Game 73: 2014-15 NBA Season



31-40 (14-21 on road)
Series 1-1
27-45 (16-20 at home)
March 27th, 2015
Pepsi Center – Denver, CO
7:00 PM MT
Altitude / 104.3 FM

Dante Exum PG Ty Lawson
Rodney Hood SG Randy Foye
Gordon Hayward SF Danilo Gallinari
Derrick Favors PF Wilson Chandler
Rudy Gobert C Kenneth Faried
SLC Dunk Blogs Denver Stiffs

Rodney Hood – Probable (Illness, day-to-day)

Gordon Hayward – Probable (Shoulder, day-to-day)

Alec Burks – Out (Shoulder, out for season)

Carrick Felix – Out (Knee, out for season)



Rudy Gobert is the NBA’s leading shot blocker since 1/1/15 with 108 total blocks (!) Etc… Ty Lawson (399) is 11 made three point shots away from passing Carmelo Anthony (410) on the Nuggets‘ all-time 3 point leaders and moving into 6th place

Mercifully, the 2014-2015 NBA season is beginning to draw to a close for the Denver Nuggets.

While I'm never one to eagerly embrace the long, boring summer that featuring professional sports' longest and most boring game, baseball – aside from a cricket test match, I suppose – it'll be a relief to know that we're finally concluding one of the most disappointing and drama-filled stretches in Nuggets history. From injuries to infighting, Mozgov trades to books on millenials, never before have I wished for a quick end to an NBA season the way that I do this one.

As an organization, the Nuggets will once again be confronted with significant, franchise-altering decisions this summer. Josh Kroenke, Tim Connelly and the rest of the Nuggets brain trust will have to answer questions like:

1. Do they roll the dice – again – on another (relatively) unproven head coach in Melvin Hunt?

2. What player will the team target with their forecasted 6-9 lottery pick in the draft?

3. What members of the core make it to the start of the 2015-2016 season?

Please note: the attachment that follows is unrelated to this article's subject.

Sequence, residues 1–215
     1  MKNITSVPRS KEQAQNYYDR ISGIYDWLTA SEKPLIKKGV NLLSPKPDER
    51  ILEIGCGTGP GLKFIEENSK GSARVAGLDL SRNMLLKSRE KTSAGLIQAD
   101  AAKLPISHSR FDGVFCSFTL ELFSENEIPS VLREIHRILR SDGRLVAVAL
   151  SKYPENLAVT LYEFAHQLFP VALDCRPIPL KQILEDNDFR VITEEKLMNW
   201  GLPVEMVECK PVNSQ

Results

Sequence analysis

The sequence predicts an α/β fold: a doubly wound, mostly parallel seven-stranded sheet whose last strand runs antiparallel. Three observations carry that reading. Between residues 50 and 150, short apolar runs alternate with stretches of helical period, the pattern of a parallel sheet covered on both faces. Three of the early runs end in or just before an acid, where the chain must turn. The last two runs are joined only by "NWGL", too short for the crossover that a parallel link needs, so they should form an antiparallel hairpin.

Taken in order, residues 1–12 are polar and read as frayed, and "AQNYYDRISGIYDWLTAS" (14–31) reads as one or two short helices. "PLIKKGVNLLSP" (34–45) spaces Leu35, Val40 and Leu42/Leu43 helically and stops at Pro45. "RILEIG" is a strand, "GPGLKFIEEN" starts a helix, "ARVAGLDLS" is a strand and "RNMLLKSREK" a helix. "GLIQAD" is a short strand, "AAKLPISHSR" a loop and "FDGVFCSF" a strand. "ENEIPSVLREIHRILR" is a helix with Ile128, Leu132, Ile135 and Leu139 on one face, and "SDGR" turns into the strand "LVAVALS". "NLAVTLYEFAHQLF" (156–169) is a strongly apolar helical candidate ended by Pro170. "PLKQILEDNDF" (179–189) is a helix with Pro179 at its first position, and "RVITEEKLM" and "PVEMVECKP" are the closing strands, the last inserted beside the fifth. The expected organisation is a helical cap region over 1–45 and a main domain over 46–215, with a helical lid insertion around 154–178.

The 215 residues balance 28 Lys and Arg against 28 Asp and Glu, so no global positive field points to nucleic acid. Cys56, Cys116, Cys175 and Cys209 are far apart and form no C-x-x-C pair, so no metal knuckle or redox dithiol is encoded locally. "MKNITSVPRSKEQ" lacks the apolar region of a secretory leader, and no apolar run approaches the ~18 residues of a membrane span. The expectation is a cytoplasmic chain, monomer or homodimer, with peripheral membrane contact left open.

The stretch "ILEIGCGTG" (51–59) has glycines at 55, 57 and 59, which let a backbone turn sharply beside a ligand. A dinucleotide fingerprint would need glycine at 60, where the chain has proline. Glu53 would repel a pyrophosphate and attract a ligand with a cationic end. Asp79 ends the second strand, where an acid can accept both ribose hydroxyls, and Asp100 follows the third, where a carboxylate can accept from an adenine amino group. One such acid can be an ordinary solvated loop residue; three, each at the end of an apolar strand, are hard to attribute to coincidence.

4. Will this be the troubled Ty Lawson's last season in a Nuggets uniform?

5. How will the team's identity and playstyle be shaped going forward?

Getting even one of these decisions right would be a tough call, let alone all five; yet those are just a few questions of what the front office finds themselves faced with over the coming months. Although Shaw has been the most visible mistake of the regime since Connelly took over, most of the rest of their decisions have been positive or neutral (except for the acquisition of J.J. Hickson), particularly in their draft and trade decisions. The Nuggets have accumulated assets and positioned themselves well to either completely blow up the roster this offseason, or continue with a “reload” and try to build around a strengthening Gallinari, Faried, Jusuf Nurkic and Lawson core.

On the western slope of the Rockies, the Jazz have also struggled since they underwent major organizational changes with the departure of Jerry Sloan in the 2010-2011 season. Since bringing in Tyrone Corbin, the Jazz did actually manage to make the playoffs in lockout shortened 2011-2012 season (losing to the Spurs in the first round 0-4), but have been mired in the NBA’s dreaded “middle ground” ever since, winning too many games to secure a high lottery pick in the draft but too bereft of talent to be a real threat to make the playoffs in the absurdly tough Western Conference. If anything, the Jazz and the Nuggets have been walking very similar paths for years – significant roster shakeups (trading Deron Williams, the departure of Paul Millsap in free agency) followed by a long time head coach’s departure (Jerry Sloan) and bringing in a coach out of his depth (Tyrone Corbin). Like the Nuggets, they’ve got some bright spots on their roster (Hayward, Gobert, Burks, Favors) but are still far from returning to their formerly feared status and continue their exodus in the wilderness of the NBA.

Clearly, the Jazz experience and the Nuggets experience in recent years have some scary parallels. If the Nuggets hope to return to relevance anytime soon, they would do well to take a long took at the team on the other end of the court and make their decisions in the offseason wisely.